Advanced Technologies for Developing the State-of-the-Art Nanomedicines

A special issue of Pharmaceutics (ISSN 1999-4923). This special issue belongs to the section "Nanomedicine and Nanotechnology".

Deadline for manuscript submissions: closed (20 November 2022) | Viewed by 22631

Special Issue Editors

CAS Key Laboratory for Biomedical Effects of Nanomaterials and Nanosafety, Institute of High Energy Physics and University of Chinese Academy of Sciences (UCAS), Chinese Academy of Sciences (CAS), Beijing 100049, China
Interests: nanomedicines; peptide self-assembly; mitochondria
CAS Key Laboratory for Biomedical Effects of Nanomaterials and Nanosafety, Multidisciplinary Research Division, Institute of High Energy Physics, Chinese Academy of Sciences, Beijing 100049, China
Interests: nanomedicines; biomaterials; drug delivery
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Special Issue Information

Dear Colleagues,

The past two decades have witnessed the rapid development of nanomedicines for antitumor therapy. In addition to antitumor therapy, nanomedicines also emerge as promising drugs for other devastating diseases including cerebro-cardiovascular diseases, central nervous system (CNS) disorders, infectious diseases, etc. As compared with small-molecule drugs, nanomedicines have unique physicochemical properties and can be used for diverse therapeutic purposes. State-of-the-art technologies provide new tools for the development of nanomedicines with enhanced efficacy and safety. For instance, advances in material sciences offer versatile nanomaterials for developing multifunctional nanomedicines. These nanomedicines can be spatiotemporally controlled for extended blood circulation, sustained release, immune evasion, tissue penetration, sub-organelle targeting, and imaging. Moreover, the nanomedicines that integrate different therapeutic modalities, such as photodynamic therapy (PDT) and chemodynamic therapy (CDT), typically show enhanced therapeutic effects.

This Special Issue aims to highlight recent advances in the development of nanomedicines. Nanomedicines with novel strategies, novel materials, and/or novel therapeutic targets will be well illustrated by eminent scientists, as well as several emerging young scientists, in the field of nanomedicines.

We welcome contributions in the form of reviews or original research articles on the topics of nanomedicines, including, but not limited to, the following fields: 

  • Nanomedicines beyond the enhanced permeability and retention (EPR) effect
  • Nanomedicines for targeted drug delivery
  • Stimuli-responsive nanomedicines
  • Bio-inspired nanomaterials
  • Organic-inorganic nanomaterials
  • Peptide self-assembly
  • Analytic techniques for characterizing nanomedicines
  • Nanovaccine

Dr. Yi Hu
Dr. Jun Chen
Guest Editors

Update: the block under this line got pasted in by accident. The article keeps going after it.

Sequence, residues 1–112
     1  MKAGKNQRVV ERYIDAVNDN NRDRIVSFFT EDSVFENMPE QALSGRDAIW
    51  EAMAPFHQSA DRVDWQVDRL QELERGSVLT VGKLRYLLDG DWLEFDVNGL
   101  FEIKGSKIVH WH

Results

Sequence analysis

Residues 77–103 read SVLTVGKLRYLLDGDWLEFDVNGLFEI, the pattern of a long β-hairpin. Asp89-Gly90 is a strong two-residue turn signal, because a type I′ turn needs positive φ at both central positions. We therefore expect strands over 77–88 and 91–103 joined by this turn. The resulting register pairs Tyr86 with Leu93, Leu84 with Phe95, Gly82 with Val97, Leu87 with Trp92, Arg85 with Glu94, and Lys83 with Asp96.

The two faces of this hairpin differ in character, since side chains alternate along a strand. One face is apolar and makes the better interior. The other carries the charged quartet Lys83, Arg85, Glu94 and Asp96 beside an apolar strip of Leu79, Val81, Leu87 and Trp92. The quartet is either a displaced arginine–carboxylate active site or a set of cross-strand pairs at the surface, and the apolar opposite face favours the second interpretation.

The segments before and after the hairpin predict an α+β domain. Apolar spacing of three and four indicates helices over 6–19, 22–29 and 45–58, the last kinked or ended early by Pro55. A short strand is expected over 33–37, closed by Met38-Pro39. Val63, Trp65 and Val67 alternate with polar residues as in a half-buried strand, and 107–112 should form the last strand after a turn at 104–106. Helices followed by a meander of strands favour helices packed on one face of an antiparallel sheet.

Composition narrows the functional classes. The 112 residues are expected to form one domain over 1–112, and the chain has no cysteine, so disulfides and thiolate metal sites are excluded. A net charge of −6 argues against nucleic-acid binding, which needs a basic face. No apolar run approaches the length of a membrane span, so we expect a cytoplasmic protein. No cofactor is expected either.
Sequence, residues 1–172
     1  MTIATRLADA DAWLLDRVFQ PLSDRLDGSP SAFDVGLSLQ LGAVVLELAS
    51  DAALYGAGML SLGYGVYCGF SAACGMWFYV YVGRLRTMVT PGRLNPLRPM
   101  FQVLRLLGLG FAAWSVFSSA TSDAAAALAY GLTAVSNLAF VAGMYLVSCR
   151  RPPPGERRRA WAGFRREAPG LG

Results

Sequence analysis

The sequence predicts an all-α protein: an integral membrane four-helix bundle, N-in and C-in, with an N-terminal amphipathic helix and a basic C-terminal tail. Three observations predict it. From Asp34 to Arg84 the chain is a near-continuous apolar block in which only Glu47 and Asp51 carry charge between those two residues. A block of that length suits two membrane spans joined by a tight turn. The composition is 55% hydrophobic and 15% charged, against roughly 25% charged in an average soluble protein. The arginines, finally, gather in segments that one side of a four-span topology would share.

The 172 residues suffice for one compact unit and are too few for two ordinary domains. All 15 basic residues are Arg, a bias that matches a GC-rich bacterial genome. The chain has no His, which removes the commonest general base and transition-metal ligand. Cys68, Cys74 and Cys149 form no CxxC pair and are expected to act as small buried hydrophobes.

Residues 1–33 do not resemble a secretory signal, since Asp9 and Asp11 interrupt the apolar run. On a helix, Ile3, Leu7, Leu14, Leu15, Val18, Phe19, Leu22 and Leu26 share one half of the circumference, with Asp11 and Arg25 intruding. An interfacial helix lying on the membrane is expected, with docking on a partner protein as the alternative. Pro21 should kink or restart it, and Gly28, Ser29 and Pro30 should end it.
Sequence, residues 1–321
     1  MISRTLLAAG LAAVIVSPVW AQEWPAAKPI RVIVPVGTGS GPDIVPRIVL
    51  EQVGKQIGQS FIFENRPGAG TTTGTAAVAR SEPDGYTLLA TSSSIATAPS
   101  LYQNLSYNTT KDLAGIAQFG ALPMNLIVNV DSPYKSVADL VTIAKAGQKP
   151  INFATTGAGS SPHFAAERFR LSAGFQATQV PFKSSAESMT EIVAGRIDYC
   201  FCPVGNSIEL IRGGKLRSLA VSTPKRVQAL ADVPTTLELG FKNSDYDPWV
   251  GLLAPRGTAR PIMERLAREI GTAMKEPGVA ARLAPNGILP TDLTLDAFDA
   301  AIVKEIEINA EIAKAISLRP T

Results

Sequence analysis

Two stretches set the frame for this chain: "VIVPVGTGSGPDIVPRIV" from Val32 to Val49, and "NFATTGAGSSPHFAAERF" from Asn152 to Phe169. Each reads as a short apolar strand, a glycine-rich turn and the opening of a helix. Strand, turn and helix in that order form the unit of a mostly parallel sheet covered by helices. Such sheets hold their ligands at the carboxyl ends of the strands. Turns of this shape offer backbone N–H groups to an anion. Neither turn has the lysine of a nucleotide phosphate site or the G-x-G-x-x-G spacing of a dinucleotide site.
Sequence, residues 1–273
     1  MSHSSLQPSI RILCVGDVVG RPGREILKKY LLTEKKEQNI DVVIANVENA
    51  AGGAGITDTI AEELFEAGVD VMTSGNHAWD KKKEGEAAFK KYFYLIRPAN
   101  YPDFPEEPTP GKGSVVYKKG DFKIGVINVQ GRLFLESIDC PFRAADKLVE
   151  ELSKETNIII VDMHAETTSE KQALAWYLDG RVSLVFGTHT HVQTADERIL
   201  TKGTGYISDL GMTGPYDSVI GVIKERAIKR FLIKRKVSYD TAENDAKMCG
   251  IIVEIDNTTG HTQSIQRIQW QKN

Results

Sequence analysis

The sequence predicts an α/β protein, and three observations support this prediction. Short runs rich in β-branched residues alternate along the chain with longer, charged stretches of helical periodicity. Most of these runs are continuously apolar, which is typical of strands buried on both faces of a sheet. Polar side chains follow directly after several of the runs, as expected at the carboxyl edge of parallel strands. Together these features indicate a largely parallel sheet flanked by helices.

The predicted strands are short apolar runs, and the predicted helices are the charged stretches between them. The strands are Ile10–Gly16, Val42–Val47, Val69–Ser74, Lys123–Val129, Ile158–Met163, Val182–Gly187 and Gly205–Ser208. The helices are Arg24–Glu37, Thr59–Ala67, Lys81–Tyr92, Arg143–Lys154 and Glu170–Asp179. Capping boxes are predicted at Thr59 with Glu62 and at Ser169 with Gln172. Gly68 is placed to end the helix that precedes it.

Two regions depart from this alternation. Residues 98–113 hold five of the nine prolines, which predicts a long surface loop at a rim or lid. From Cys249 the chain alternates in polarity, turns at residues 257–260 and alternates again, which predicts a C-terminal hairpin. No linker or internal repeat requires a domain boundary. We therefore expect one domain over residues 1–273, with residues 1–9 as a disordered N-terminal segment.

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Keywords

  • nanomedicines
  • nanocarriers
  • drug delivery
  • peptide self-assembly
  • analytic techniques
  • vaccine
  • inorganic nanomaterials
  • mitochondria

Published Papers (11 papers)

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Editorial

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3 pages, 171 KiB  
Editorial
Editorial for Special Issue: Advanced Technologies for Developing the State-of-the-Art Nanomedicines
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Pharmaceutics 2023, 15(7), 1954; https://doi.org/10.3390/pharmaceutics15071954 - 15 Jul 2023
Viewed by 730
Abstract
This Special Issue aims to introduce advanced technologies that promote the development of nanomedicines [...] Full article

Research

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16 pages, 2527 KiB  
Article
Identification of Nanoparticle Properties for Optimal Drug Delivery across a Physiological Cell Barrier
Pharmaceutics 2023, 15(1), 200; https://doi.org/10.3390/pharmaceutics15010200 - 06 Jan 2023
Cited by 2 | Viewed by 1679
Abstract
Nanoparticles (NPs) represent an attractive strategy to overcome difficulties associated with the delivery of therapeutics. Knowing the optimal properties of NPs to address these issues could allow for improved in vivo responses. This work investigated NPs prepared from 5 materials of 3 sizes [...] Read more.
Nanoparticles (NPs) represent an attractive strategy to overcome difficulties associated with the delivery of therapeutics. Knowing the optimal properties of NPs to address these issues could allow for improved in vivo responses. This work investigated NPs prepared from 5 materials of 3 sizes and 3 concentrations applied to a cell barrier model. The NPs permeability across a cell barrier and their effects on cell barrier integrity and cell viability were evaluated. The properties of these NPs, as determined in water (traditional) vs. media (realistic), were compared to cell responses. It was found that for all cellular activities, NP properties determined in media was the best predictor of the cell response. Notably, ZnO NPs caused significant alterations to cell viability across all 3 cell lines tested. Importantly, we report that the zeta potential of NPs correlates significantly with NP permeability and NP-induced changes in cell viability. NPs with physiological-based zeta potential of −12 mV result in good cell barrier penetration without considerable changes in cell viability. Full article